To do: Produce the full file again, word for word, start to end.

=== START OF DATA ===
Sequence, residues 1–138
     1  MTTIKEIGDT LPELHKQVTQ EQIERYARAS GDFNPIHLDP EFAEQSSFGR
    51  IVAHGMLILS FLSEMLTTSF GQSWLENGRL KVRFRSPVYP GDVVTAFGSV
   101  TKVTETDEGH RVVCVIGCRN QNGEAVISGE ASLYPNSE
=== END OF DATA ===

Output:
Sequence, residues 1–138
     1  MTTIKEIGDT LPELHKQVTQ EQIERYARAS GDFNPIHLDP EFAEQSSFGR
    51  IVAHGMLILS FLSEMLTTSF GQSWLENGRL KVRFRSPVYP GDVVTAFGSV
   101  TKVTETDEGH RVVCVIGCRN QNGEAVISGE ASLYPNSE